For PBA Hall of Famer Mark Roth, a visit to AMF Babylon Lanes for last week’s GEICO Mark Roth Plastic Ball Championship provided him with an opportunity to visit with some old friends and recount memories of a storied career.
One of those friends was fellow bowling great Johnny Petraglia. Both bowlers grew up in Brooklyn and would eventually become fixtures on PBA Tour telecasts during the 1970s.
Petraglia was granted a PBA Commissioner’s Exemption to compete in the Plastic Ball Championship, named in honor of his long-time friend and rival, and Petraglia’s son Johnny Jr. also competed in the event after earning a spot in the 64-player field through the Tour Qualifying Round.
This Roth-Petraglia reunion has been different than any other, however. That’s because Roth, who will turn 59 on April 10, is continuing his rehabilitation after suffering a severe stroke last May that left his left side paralyzed.
Since May he has worked hard to regain physical function, improving to the point where he was able to make the trip to West Babylon with his wife Denise to take in some of the action at the tournament named in his honor.
Last year, Roth was recognized as the fifth greatest PBA Tour player in history as part of the organization’s 50th anniversary celebration. Petraglia, who turned 63 earlier this month, ranks 16th on that list.
The right-handed Roth, a four-time PBA Player of the Year, is tied with Pete Weber for third in career tour titles with 34. The left-handed Petraglia owns 14 titles, and is one of only five players in PBA history to win the Triple Crown (U.S. Open, PBA Tournament of Champions and PBA World Championship).
Petraglia joined the tour in 1965, five years ahead of Roth, and for most of their careers, both bowlers competed with plastic bowling balls. Both have witnessed the evolution of bowling technology since then, but memories of competing against each other in the “old days” are cherished by both.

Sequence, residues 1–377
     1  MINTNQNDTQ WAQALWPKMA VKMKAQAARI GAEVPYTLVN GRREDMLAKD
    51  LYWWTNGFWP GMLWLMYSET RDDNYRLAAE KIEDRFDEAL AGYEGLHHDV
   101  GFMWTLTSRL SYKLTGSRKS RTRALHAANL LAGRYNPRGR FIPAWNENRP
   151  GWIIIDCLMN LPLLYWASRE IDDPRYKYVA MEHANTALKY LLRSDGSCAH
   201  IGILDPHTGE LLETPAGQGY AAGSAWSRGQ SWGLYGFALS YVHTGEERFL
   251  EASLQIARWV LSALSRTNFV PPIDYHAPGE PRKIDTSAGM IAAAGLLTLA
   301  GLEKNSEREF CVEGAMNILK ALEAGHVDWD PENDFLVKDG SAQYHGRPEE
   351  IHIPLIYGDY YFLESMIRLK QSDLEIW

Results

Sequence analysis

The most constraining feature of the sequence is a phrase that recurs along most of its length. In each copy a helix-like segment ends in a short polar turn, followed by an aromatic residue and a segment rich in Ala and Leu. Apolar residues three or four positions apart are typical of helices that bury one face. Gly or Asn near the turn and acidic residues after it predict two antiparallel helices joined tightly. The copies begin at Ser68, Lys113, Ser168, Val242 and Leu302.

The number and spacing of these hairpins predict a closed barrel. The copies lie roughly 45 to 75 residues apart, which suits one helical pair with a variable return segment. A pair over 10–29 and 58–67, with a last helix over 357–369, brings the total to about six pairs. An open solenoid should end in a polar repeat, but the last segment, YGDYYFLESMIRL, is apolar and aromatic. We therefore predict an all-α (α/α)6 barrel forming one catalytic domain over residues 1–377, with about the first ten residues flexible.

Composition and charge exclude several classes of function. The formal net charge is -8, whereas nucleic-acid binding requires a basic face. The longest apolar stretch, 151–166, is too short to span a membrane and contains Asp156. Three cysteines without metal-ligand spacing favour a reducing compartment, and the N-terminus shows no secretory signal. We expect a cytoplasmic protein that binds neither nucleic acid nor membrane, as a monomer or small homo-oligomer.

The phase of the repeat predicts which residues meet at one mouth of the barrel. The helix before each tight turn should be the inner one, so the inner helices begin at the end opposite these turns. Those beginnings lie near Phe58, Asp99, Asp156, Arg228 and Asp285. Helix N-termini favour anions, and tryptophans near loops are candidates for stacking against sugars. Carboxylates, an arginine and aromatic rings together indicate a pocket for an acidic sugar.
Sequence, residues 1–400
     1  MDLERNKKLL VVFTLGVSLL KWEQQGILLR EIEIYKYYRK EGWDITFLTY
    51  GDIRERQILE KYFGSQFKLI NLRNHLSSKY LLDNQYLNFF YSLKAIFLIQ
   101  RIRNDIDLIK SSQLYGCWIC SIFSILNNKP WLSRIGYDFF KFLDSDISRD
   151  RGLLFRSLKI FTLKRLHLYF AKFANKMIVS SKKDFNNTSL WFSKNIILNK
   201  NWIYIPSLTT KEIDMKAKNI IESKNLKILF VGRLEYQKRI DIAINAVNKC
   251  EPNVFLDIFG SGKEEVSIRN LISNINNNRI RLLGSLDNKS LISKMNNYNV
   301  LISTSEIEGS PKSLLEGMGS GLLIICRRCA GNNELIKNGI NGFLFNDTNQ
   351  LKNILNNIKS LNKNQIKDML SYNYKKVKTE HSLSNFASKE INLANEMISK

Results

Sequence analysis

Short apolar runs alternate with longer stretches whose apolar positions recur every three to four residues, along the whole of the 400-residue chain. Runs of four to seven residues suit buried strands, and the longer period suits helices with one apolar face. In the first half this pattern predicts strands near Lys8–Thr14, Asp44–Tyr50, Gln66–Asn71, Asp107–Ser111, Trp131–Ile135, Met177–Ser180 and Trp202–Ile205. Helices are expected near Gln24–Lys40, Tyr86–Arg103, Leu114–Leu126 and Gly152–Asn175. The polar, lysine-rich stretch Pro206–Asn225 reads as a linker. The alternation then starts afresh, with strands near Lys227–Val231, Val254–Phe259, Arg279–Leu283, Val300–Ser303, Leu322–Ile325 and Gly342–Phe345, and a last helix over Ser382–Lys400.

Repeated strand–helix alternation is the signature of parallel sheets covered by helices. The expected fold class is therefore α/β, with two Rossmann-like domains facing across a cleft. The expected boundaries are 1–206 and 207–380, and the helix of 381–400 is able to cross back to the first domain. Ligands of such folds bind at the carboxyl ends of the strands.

“I like the idea of a tournament where you have to use plastic balls,” Roth said. “I wish I could bowl in this one.”
While the two competed against each other often on tour, Roth’s favorite memory of bowling against Petraglia was not in a tour event.
“In the early ’70s, I bowled some action matches against John at Rainbow Lanes in Brooklyn,” Roth said. “It was just like a tour event — there were more than 300 people there. They had people watching down the lanes all the way to the masking units.
“He was a good, tough, strong bowler,” Roth said of Petraglia, “but I always looked forward to the challenge of bowling against him.”
Petraglia said his most memorable moment of bowling against Roth was in 1978 when he beat Roth in a semifinal match, 298-249, of the Long Island Open. (Petraglia went on to beat Jeff Mattingly in the championship match.) But Roth returned the favor the following week, defeating Petraglia in the championship match of the Greater Hartford (Conn.) Open.
“Those two weeks were not only my favorite memories of bowling against Mark, but some of my favorite overall on Tour,” said Petraglia. “In Long Island, we had all of our family and friends there. Andy Varipapa was there, and all of the fans were really into the show, as you can imagine.
“The next week in Connecticut Mark got his revenge by beating me 190-something to 180-something to win the title. At that time he was using a plastic ball and I was still using rubber.”
But what Petraglia remembers most about Roth was how competitive he was.
“When Mark and I were both on the Brunswick staff, we would do a lot of exhibitions, and at some of those we would bowl doubles matches against local bowlers,” Petraglia said. “If we were in a match where the local bowlers were striking or had a chance to beat us, naturally the local fans would be pulling for them and sometimes I would get caught up in the excitement, too.
“But whenever that happened, I remember Mark would always pull me aside and say, ‘C’mon, we can’t let these guys beat us.’”
Added Petraglia: “Bowling in a tournament with my son and named after Mark Roth – it doesn’t get much better than that.”
— Jerry Schneider